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June through November our agency may become prohibited from binding coverage should a “Tropical Disturbance” enter the Gulf of Mexico or Caribbean Sea.

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Avoid These Financial Missteps when Preparing for Retirement

As numerous greeting cards have proclaimed, for many Americans life really begins at retirement. Without a boss expecting you to punch a time clock five days a week, you’ll suddenly discover hours that you didn’t know you had. You’ll find time to travel, relax, enjoy your favorite activity (yes, napping counts) and spend more time with the people you love. At least that’s the way it’s supposed to work—if you avoid these financial missteps when preparing for your golden years.

Spending Too Much and Too Soon

After years of diligent retirement saving, it can be tempting to dip into your coffers too soon. Don’t raid your nest egg to buy a dream home, travel the world or help a grandchild with college before you’re officially retired. And once you have collected that last paycheck, give yourself at least 12 months to adjust to your post-retirement income before you start making large, nonessential purchases like those mentioned above.

Taking on Too Much Risk

If you’re approaching retirement with a balance that you know is less than what you need, it can be tempting to engage in risky investment strategies. While penny stocks and commodities trading might have been fine when you were in your thirties, most advisors recommend a more cautious approach with your portfolio in your later years. If you must, postponing your retirement to amass a few more years of savings and interest is preferable to risking it all.

Taking on Too Little Risk

On the other hand, being overly conservative can also take a bite out of your retirement. You might have an adequate portfolio with a broadly diversified set of investments, but if they are all fixed-income, you may be in trouble. For example, according to Forbes, 10-year U.S. Treasury bonds pay near the current inflation rate. Longer-term bonds pay even less than the historical inflation rate. This means that inflation could reduce a bond portfolio income of $14,000 a month at age 65 to around $8,000 by age 85.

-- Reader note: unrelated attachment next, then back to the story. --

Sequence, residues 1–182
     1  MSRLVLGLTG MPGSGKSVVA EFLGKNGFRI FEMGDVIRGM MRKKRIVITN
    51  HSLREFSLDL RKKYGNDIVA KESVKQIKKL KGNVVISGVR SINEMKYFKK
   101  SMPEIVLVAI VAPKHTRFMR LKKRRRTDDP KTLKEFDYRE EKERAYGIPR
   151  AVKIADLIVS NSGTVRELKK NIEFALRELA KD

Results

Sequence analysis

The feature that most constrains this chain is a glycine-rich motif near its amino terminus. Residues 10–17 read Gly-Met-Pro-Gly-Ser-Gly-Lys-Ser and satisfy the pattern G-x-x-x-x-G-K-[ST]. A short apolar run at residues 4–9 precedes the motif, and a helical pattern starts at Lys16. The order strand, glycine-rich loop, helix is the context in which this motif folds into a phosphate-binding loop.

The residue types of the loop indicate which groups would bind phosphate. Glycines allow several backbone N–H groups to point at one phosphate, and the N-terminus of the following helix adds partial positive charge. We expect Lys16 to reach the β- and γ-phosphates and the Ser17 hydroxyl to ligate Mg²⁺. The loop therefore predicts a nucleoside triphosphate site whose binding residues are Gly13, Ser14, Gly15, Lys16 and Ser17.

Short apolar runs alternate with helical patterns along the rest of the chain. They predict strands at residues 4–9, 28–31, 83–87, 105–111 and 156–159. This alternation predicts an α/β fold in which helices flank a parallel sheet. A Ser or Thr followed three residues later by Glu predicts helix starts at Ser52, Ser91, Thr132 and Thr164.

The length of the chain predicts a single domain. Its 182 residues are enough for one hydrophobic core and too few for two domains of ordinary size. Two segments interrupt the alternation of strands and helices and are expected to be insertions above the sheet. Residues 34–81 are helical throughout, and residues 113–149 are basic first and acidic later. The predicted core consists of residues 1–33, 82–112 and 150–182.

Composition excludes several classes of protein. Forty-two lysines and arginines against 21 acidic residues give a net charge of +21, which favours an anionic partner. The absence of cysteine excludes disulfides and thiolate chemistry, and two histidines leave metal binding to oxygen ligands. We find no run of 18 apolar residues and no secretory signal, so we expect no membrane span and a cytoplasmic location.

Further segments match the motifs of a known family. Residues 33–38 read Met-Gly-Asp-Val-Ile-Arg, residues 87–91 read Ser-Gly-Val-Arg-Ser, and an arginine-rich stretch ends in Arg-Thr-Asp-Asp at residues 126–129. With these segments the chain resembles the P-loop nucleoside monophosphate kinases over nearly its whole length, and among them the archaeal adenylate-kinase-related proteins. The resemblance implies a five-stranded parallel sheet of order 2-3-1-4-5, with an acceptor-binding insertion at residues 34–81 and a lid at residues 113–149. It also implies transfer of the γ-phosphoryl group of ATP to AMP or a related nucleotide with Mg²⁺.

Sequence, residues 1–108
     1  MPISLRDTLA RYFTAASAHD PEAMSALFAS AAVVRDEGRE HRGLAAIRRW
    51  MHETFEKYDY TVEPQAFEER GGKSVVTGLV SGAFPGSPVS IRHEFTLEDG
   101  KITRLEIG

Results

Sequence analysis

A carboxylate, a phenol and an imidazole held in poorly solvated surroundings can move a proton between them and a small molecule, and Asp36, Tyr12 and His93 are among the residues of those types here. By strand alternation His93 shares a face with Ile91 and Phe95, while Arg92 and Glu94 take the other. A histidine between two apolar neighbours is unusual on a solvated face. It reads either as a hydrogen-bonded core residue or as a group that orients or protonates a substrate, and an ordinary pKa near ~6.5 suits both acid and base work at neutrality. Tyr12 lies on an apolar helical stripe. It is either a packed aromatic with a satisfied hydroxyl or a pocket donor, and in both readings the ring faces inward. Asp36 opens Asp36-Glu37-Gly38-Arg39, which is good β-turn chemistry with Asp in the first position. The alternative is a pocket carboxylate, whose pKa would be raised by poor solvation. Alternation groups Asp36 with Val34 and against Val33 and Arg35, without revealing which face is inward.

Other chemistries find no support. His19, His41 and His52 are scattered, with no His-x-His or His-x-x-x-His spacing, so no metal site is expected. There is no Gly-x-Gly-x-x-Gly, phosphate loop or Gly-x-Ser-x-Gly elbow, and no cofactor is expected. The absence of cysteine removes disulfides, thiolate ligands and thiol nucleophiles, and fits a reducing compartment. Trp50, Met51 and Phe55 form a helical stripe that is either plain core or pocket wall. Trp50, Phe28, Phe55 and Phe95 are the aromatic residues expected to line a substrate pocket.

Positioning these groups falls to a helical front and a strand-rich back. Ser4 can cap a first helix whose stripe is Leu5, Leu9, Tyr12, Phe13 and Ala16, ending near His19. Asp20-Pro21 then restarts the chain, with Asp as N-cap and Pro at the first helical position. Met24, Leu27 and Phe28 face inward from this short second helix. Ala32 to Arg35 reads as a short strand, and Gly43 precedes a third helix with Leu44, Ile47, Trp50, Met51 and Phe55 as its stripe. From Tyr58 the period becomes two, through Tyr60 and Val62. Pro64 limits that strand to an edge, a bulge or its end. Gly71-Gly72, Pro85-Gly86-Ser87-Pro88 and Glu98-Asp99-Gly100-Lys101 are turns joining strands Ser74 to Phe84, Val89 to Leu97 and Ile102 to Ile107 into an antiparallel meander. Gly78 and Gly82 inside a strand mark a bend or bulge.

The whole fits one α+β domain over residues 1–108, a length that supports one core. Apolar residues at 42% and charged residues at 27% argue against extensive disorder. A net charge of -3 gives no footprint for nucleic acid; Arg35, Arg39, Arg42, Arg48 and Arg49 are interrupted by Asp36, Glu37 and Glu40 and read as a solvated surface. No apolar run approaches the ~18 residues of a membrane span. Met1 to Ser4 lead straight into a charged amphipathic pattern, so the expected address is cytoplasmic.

Slashing Your Insurance

You’ve paid off your mortgage. Your kids are in college or working in careers of their own. It may seem like you have less to worry about on the insurance front, but now is not the time to take chances with your coverage. In fact, you may want to buy more to protect your retirement income further. For example, upgrade your homeowner’s insurance coverage to a policy that covers replacement cost. Increase the liability coverage on your auto insurance policy in case your abilities decline as you age. Finally, consider an umbrella policy to provide peace of mind for everything else.

Assuming You Won’t Live Forever

Okay, that’s actually a safe assumption; however, you shouldn’t base your retirement savings plan on too early an exit from this life, either. According to the Centers for Disease Control and Prevention (CDC), if you live to the age of 65, you can expect to live another 19.2 years (or to 84). And if you live to the age of 75, you could last another 12.2 years (or to 87). It’s all too easy to outlive your retirement savings, so it’s best to choose a higher age and ask your financial advisor to create a plan around it.

Whether you’re 35 or 55, thoughts of the future should be pleasant, not panic inducing. If yours are the latter, contact your financial planner today to learn more about the financial missteps you should avoid to ensure your retirement plan is on track.